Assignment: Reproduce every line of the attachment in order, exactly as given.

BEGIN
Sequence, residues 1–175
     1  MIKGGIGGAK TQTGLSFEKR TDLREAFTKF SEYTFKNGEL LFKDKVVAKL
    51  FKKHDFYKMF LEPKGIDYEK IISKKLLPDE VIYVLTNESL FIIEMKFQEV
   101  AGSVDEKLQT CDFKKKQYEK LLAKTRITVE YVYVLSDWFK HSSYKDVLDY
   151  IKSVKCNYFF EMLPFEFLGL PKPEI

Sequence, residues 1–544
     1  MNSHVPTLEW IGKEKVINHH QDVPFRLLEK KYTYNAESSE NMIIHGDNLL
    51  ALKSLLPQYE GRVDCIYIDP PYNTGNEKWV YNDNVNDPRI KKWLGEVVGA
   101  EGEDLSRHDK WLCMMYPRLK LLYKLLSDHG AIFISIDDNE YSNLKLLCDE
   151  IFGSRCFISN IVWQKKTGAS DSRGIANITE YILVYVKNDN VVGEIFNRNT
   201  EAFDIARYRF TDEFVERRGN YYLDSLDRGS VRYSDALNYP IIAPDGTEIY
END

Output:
Sequence, residues 1–175
     1  MIKGGIGGAK TQTGLSFEKR TDLREAFTKF SEYTFKNGEL LFKDKVVAKL
    51  FKKHDFYKMF LEPKGIDYEK IISKKLLPDE VIYVLTNESL FIIEMKFQEV
   101  AGSVDEKLQT CDFKKKQYEK LLAKTRITVE YVYVLSDWFK HSSYKDVLDY
   151  IKSVKCNYFF EMLPFEFLGL PKPEI

Sequence, residues 1–544
     1  MNSHVPTLEW IGKEKVINHH QDVPFRLLEK KYTYNAESSE NMIIHGDNLL
    51  ALKSLLPQYE GRVDCIYIDP PYNTGNEKWV YNDNVNDPRI KKWLGEVVGA
   101  EGEDLSRHDK WLCMMYPRLK LLYKLLSDHG AIFISIDDNE YSNLKLLCDE
   151  IFGSRCFISN IVWQKKTGAS DSRGIANITE YILVYVKNDN VVGEIFNRNT
   201  EAFDIARYRF TDEFVERRGN YYLDSLDRGS VRYSDALNYP IIAPDGTEIY